Cerveza Hatuey: Back To The Future (Sort of) Sabor de Cuba
The story of Cerveza Hatuey is really the story of three beers. It is also the story of one brave man and the enduring fight against oppression forever entwined in Cuban history.
Legendary Taíno Indian Chief, Hatuey
The original Hatuey was a great Taíno Indian Chief who ruled a portion of Hispaniola in the early 16th century. These were the early days post-Columbus; post-“discovery.” Spanish Conquistadors were well on their way toward executing one of most brutal and systemic genocides in the history of mankind. In 1511, they set their sights on killing or enslaving the naive residents of what we now know as Cuba.
The attack was launched in secret from Hispaniola, the seat of Spanish colonial power at the time.
The Spanish didn’t know, though, that Hatuey was wise to their plan.
Some say the Taíno Chief raced to Cuba ahead of the Spanish to sound the alarm. Others say he was already in Cuba, having previously escaped Spanish aggression in his native Hispaniola.
Either way, he definitely joined with his Amerindian brethren in Cuba and valiantly fought the Spanish. Led in part by Hatuey, Taínos effectively staved off the invasion for months.
In February 1512, though, Chief Hatuey was captured and burned alive. By 1514, the Spanish founded Havana. A year later, Cuba was completely under Spanish control.
Defiant Until The End
Famously, a priest present at Hatuey’s execution asked the hero if he would accept Jesus Christ before dying. If he did so, the priest explained, Hatuey would enjoy everlasting life in Heaven. If not, of course, he’d go to Hell. After considering these options, Hatuey asked the priest if there were any Spaniards in Heaven. The priest said yes, but noted that only good Spaniards.
So, what did Hatuey decide? From A Violent Evangelism: The Political and Religious Conquest of the Americas (1600)…
The chief then said without further thought that he did not want to go there but to hell so as not to be where they were and where he would not see such cruel people.
Indeed, Chief Hatuey remained strong until the very end.
Pre-Castro Cerveza Hatuey
I’ve no idea if the original Hatuey beer was also strong. I wouldn’t be surprised, though, if it was. Established as a brand in 1915, though not actually brewed and distributed until 1927, the earliest Cerveza Hatuey was directly inspired by its legendary namesake. The Bacardi family of global rum fame birthed the beer to show their support for the historical struggle against Spanish oppression in Cuba.
The timing of the launch, though, may have been more of statement against the prevailing colonial power in early 20th century Cuba, that being the United States.
Politics aside, the beer proved a hit in Cuba right from the start.
Cerveza Hatuey is regarded as Cuba’s very first premium beer. The man behind it, George J. Friedrich, was brought over from Germany by the Bacardi’s to build the brewery in Santiago de Cuba and craft Hatuey beer. No doubt, those pre-Castro Hatuey’s were similar in the style and spirit to the best of Bavaria.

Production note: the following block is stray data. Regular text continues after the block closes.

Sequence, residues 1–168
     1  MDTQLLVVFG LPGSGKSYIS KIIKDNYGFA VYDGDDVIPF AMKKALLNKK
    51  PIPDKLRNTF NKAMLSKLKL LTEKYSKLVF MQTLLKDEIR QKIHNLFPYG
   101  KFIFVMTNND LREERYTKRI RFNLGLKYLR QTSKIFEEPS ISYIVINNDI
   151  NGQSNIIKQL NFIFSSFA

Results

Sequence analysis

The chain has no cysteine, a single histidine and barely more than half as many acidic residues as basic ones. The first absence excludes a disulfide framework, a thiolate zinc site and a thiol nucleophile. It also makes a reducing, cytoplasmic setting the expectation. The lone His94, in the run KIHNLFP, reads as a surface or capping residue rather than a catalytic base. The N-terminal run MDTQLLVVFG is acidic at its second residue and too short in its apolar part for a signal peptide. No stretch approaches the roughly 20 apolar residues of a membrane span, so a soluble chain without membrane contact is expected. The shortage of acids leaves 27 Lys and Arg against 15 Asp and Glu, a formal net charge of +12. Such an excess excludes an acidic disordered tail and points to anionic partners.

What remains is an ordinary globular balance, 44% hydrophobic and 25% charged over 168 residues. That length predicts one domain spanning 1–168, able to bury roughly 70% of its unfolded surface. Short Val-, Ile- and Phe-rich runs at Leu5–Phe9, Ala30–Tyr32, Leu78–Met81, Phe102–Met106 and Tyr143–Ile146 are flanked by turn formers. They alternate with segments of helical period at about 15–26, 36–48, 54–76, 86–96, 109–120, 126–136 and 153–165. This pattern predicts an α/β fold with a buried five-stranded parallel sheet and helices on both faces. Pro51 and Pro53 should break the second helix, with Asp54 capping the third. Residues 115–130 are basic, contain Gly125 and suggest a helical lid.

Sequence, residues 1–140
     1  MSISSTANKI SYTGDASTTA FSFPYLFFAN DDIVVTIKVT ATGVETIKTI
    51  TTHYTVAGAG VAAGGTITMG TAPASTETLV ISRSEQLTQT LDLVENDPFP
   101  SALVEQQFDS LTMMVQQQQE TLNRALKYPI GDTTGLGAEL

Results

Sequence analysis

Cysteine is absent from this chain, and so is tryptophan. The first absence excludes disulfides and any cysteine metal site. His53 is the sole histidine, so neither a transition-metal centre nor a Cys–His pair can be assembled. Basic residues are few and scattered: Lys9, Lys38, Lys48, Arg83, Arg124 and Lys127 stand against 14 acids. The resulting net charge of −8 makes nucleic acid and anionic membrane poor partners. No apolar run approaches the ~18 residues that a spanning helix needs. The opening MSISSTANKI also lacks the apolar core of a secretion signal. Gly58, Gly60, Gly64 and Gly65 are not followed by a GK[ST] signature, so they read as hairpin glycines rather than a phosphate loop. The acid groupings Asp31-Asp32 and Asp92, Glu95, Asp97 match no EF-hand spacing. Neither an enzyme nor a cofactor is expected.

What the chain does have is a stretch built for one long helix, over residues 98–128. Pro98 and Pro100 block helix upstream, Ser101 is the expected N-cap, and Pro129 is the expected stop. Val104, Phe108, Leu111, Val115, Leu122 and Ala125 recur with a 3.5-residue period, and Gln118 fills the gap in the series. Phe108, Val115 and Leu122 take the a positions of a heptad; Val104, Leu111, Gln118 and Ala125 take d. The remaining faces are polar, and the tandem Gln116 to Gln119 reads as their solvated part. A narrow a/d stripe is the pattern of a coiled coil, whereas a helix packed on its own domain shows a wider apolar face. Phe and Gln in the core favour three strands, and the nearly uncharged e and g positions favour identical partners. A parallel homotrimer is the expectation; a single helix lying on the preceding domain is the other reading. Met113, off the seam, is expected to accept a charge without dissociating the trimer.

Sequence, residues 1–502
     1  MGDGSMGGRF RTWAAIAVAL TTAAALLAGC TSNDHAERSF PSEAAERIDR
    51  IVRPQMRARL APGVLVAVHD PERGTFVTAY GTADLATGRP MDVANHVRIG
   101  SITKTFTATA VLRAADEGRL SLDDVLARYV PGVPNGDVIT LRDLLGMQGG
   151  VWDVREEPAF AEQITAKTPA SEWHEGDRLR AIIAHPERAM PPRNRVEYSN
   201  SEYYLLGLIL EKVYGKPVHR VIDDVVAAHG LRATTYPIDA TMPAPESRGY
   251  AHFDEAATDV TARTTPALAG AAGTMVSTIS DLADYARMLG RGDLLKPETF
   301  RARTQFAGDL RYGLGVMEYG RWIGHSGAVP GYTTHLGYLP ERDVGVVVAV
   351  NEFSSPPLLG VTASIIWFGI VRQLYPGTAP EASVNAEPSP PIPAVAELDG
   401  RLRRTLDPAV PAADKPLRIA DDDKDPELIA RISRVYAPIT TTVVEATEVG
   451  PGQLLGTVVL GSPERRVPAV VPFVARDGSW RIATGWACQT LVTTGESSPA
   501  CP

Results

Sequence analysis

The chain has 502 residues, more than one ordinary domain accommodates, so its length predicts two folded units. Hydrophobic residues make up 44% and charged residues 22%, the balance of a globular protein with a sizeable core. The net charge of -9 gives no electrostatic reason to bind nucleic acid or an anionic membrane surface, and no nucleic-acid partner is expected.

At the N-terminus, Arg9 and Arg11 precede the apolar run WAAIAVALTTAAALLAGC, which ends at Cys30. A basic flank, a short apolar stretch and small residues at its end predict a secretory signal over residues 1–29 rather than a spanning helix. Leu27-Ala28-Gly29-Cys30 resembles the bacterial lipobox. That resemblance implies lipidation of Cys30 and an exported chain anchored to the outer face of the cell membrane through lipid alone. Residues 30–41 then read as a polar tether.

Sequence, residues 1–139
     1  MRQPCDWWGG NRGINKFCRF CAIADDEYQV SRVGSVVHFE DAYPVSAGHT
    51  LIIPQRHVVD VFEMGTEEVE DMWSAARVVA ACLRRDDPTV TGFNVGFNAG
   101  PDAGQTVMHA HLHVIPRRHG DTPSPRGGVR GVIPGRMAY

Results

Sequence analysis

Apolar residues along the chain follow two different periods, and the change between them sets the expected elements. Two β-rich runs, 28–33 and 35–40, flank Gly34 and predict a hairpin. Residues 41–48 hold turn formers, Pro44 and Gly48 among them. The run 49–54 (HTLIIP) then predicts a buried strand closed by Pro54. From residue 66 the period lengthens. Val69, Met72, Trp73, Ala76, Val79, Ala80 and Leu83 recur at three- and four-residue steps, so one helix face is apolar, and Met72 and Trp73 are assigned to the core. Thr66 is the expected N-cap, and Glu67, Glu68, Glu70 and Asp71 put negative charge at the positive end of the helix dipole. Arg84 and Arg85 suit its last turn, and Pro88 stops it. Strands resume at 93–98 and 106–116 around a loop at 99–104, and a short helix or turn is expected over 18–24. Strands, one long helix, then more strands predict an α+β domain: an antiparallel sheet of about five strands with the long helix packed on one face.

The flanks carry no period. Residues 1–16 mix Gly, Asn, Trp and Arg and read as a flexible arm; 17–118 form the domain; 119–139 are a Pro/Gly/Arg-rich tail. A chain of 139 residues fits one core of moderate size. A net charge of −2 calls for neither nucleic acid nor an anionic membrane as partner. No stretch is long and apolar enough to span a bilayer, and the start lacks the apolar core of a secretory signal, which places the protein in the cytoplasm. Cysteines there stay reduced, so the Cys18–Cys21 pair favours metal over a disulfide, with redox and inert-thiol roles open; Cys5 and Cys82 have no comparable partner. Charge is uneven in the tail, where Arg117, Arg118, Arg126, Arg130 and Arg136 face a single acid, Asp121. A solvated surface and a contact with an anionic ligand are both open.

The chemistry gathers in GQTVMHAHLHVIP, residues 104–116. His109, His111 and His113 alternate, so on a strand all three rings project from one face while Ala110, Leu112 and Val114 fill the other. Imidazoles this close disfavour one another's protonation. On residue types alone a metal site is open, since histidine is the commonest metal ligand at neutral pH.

The spirit of revolution, though, changed everything for the Bacardi family and Cerveza Hatuey.
As with every other business in Cuba, Castro’s Communist Party seized Hatuey upon rising to power in 1959. The Bacardi’s fled the island, leaving the Communist Cuban Government to continue what they had started.
1990s Cuban-American Cerveza Hatuey
The Hatuey beer that you might find on store shelves near you today isn’t much like the vintage model. If you picked one up and enjoyed it in back in the 1990s, though… well, that would be different.
In 1996, the Bacardi family, living in exile outside of Cuba, decided to breathe new life into their legendary old beer. They tapped brewmaster Eduardo McCormick for the task. It was an inspired choice as McCormick had formerly worked at the original brewery in Cuba.
Drawing upon his personal notes and recollections on the Hatuey recipe, McCormick recreated the original, or at least a passable facsimile thereof. I say reasonable as the I believe that the original Hatuey was a pilsener, while the 1990s version was a lager.
Anyway, the relative success of 1990s Hatuey Beer didn’t last long. Bacardi discontinued production in 1998.
Note: the 1990s were a period of relative calm in Cuban politics. The Maleconazo Uprising in August 1994 was a big deal, but outside of that, tensions largely simmered. Castro was winding down (he formally resigned in February 2008). There was a general sense among many that democratic reforms of some kind were in Cuba’s immediate future.
So yeah, maybe not the time for a beer espousing the historic strength and defiance of the Cuban people.
Today’s Cerveza Hatuey
These days in Cuba, of course, things are different. Large and persistent anti-government demonstrations have been a near-daily occurrence for much of the summer of 2021. Cuban people are standing up, being firm; defiant.
Enter today’s Cerveza Hatuey.
The formerly mass-produced pilsener/lager is now a microbrew. Specifically, it’s marketed as a Cuban-style pale ale craft beer. It’s produced by Thomas Creek Brewery in Greenville, South Carolina, which I’m guessing is about as 180-degrees from Cuba as you can get.
Still, their Cerveza Hatuey is a winner, if you ask me. Crisp, light, and refreshing, with toasty/roasted notes, it’s fantastic ice-cold on a hot day.
Weighing in a skosh above the usual 5% ABV (Hatuey checks in at 5.5%), it also somewhat lives up the strength in its name and legend.
Where to buy
Cerveza Hatuey is made in very small batches (800 cases per year), and thus difficult to find. If you have a specialty beer store near you, like Riverside Market here in Fort Lauderdale, that might be your best bet.
I also suggest seeking it out via Wine Searcher, or contact Thomas Creek directly.
¡Salúd y fuerza, mi Cuba!